Private Consumption, Investment Help Drive Euro-Area Growthby
Inventories also contributed, while net trade was negative
Eurostat confirms initial 4Q GDP estimate in second reading
An increase in investment and higher domestic spending helped propel the euro-area to its 11th successive quarter of growth even as net trade suffered amid a slowdown in China and other emerging markets.
Gross fixed capital formation increased 1.3 percent in the three months through December, the European Union’s statistics office in Luxembourg said on Tuesday. Consumption in the private sector rose 0.2 percent, while that of governments expanded 0.6 percent. Exports rose 0.2 percent. Overall the economy grew 0.3 percent in the fourth quarter, in line with an initial Feb. 12 estimate and matching momentum in the previous period.
The data comes the day before a hotly anticipated gathering of European Central Bank policy makers begins in Frankfurt. On Thursday, officials are expected to announce still more stimulus in a bid to boost inflation in the 19-country bloc and update their economic forecasts. While ECB President Mario Draghi said in January he expects the economic recovery to proceed, risks to the growth outlook remain to the downside. Consumer confidence, an early gauge of private consumption, worsened at the start of the year.
In light of the stronger investment figure, “you’d sort of hope this is the beginning of a serious upswing, but given what’s happened to confidence in the first two months of the year, it very well might slow down again,” said Aline Schuiling, senior economist at ABN Amro Bank NV in Amsterdam.
Concerns about the U.K. leaving the European Union or Spain’s struggle to form a new government show “the political climate is not very stable now in the euro zone,” she said. “For a positive investment climate, you need a stable situation.”
According to a Bloomberg survey, nearly three-quarters of the economists expect the ECB to expand monthly bond purchases on Thursday, and all but one see the deposit rate being cut further below zero.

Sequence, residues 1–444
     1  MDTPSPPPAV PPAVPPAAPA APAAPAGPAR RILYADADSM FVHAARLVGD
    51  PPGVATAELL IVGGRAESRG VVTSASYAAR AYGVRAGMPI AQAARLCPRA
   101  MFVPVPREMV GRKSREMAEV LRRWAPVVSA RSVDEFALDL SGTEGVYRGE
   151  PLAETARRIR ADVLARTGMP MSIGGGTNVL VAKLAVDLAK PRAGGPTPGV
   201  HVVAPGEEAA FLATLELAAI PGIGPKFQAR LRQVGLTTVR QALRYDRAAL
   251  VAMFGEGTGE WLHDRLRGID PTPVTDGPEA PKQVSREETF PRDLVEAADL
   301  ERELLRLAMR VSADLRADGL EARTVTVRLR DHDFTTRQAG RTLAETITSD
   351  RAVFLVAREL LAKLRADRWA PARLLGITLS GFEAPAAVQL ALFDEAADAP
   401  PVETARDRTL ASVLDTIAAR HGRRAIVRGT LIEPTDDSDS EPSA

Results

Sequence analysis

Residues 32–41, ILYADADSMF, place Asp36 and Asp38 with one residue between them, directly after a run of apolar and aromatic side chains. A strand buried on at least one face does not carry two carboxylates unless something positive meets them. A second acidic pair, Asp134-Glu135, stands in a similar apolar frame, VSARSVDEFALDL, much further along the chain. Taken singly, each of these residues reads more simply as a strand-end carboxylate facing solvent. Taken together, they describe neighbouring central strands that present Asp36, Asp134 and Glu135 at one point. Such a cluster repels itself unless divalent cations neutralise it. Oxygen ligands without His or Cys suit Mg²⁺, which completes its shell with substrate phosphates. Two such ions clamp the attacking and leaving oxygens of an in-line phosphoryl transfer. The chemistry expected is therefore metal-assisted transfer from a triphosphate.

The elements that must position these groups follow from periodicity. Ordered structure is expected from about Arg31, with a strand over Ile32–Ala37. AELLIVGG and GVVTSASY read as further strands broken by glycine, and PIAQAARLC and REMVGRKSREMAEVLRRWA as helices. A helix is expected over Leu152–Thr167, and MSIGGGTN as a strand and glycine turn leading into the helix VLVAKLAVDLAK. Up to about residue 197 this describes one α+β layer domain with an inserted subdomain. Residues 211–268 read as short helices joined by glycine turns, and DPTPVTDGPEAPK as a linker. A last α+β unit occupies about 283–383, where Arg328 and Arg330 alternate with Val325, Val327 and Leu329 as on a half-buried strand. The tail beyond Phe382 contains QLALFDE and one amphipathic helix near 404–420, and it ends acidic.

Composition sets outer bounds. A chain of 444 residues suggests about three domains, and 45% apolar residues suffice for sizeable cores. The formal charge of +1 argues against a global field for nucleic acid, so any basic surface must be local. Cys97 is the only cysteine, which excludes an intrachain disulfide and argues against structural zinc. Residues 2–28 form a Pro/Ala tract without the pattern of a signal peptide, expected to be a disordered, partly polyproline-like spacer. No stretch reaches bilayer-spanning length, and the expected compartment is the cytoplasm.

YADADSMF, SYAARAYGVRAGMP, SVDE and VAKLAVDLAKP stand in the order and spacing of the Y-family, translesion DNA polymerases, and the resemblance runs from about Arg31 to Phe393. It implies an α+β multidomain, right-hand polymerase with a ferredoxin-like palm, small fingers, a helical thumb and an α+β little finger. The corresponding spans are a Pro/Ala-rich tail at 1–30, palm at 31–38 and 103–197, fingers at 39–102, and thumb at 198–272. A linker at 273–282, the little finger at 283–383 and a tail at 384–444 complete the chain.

The ECB’s review of stimulus comes “against the background of increased downside risks to the earlier outlook amid heightened uncertainty about emerging market economies’ growth prospects, volatility in the financial and commodity markets, and geopolitical risk,” Draghi said in letter to a member of the European Parliament published earlier this month.
While a drop in the price of oil and other commodities has boosted real incomes in the euro area, thereby facilitating private consumption and shoring up growth, countries as far flung as Saudi Arabia, Russia and Canada are feeling the pain of the raw materials slump. China’s economy has suffered a slowdown, which in turn has hurt other emerging markets.
In a sign the pace of expansion is slowing in the euro area, the purchasing managers index for manufacturing slipped in February, with the price gauge dropping to the lowest in almost three years. The fact that Germany, France and Italy -- the region’s three largest economies -- reported falling output prices is likely to compound the concern among euro-area officials who are far from meeting their 2 percent inflation goal.
The Frankfurt-based central bank sees growth of 1.7 percent this year, picking up to 1.9 percent in 2017.
Yet German industrial production jumped by the most in more than six years at the start of the year, in a sign that strong domestic demand may be helping to underpin output in the region’s largest economy even as external trade cools.
“The January industrial production data imply upside risks to German and eurozone GDP growth” in the first quarter, London-based BNP Paribas economist Dominic Bryant said in a note to clients.